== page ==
May 16, 2012
AIDS Relief Program Saves 740,000 Lives
The U.S. President's Emergency Plan for AIDS Relief, the government's far-reaching health-care foreign aid program, has contributed to a significant decline in adult death rates from all causes in Africa, according to a new study by Stanford University School of Medicine researchers.
Between 2004 and 2008, PEPFAR was associated with a reduction in the odds of death of nearly 20 percent in the countries where it operated. The researchers found that more than 740,000 lives were saved during this period in nine countries targeted by the program.
"We were surprised and impressed to find these mortality reductions," said Eran Bendavid, MD, assistant professor of medicine. "While many assume that foreign aid works, most evaluations of aid suggest it does not work or even causes harm. Despite all the challenges to making aid work and to implementing HIV treatment in Africa, the benefits of PEPFAR were large and measurable across many African countries."
The study is the first to show a decline in all-cause mortality related to the program. It will be published in the May 16 issue of the Journal of the American Medical Association. Bendavid is the lead author of the study.
PEPFAR was begun in 2003 under the administration of President George W. Bush with a five-year, $15 billion investment in global AIDS and a focus on treatment and prevention in 15 countries. It was reauthorized by Congress in 2008 and has expanded its reach to 31 countries.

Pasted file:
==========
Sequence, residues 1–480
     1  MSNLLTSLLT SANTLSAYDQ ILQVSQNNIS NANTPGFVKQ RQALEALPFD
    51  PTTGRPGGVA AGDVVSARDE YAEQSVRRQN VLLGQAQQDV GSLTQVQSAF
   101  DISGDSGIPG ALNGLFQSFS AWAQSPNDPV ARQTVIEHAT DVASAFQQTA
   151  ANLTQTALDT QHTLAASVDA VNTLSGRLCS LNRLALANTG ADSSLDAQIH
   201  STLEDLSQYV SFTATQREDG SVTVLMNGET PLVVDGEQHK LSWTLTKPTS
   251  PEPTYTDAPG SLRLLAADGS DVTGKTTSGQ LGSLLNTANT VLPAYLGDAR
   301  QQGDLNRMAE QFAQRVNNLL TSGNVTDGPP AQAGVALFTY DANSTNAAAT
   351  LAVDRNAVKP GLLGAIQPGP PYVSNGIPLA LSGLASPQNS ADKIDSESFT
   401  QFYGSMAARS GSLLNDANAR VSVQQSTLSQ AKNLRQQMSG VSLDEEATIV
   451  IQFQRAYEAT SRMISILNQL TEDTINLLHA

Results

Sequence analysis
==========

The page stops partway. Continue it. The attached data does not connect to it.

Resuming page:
To measure the impact of the program, Bendavid and his colleagues analyzed health and survival information for more than 1.5 million adults in 27 African countries, including nine countries where PEPFAR has focused its efforts. The researchers examined data available in the Demographic and Health Surveys, a USAID-funded project that involves a representative sampling of in-person interviews among women in which they discuss their health and the health of their family members. These surveys form the foundation of many health measurements in developing countries.
They found the odds of death from any cause among adults were 16 to 20 percent lower in the PEPFAR-targeted countries.
To bolster the results, the scientists did a separate analysis using specific data on PEPFAR programs in Rwanda and Tanzania. They compared regions of the two countries where PEPFAR's investments led to widespread increases in the number and size of sites providing antiretroviral therapy, with areas where PEPFAR had fewer services available.
"We observed a similar reduction in mortality when exploring PEPFAR's effects using a different lens," Bendavid said. In Tanzania, the odds of death were found to be 17 percent lower and in Rwanda 25 percent lower in the districts with greater support from PEPFAR.
Bendavid speculates that the program's commitment to building health-care delivery infrastructure – including new drug distribution systems and new clinics, pharmacies, laboratories and testing facilities – has been an important factor for its success.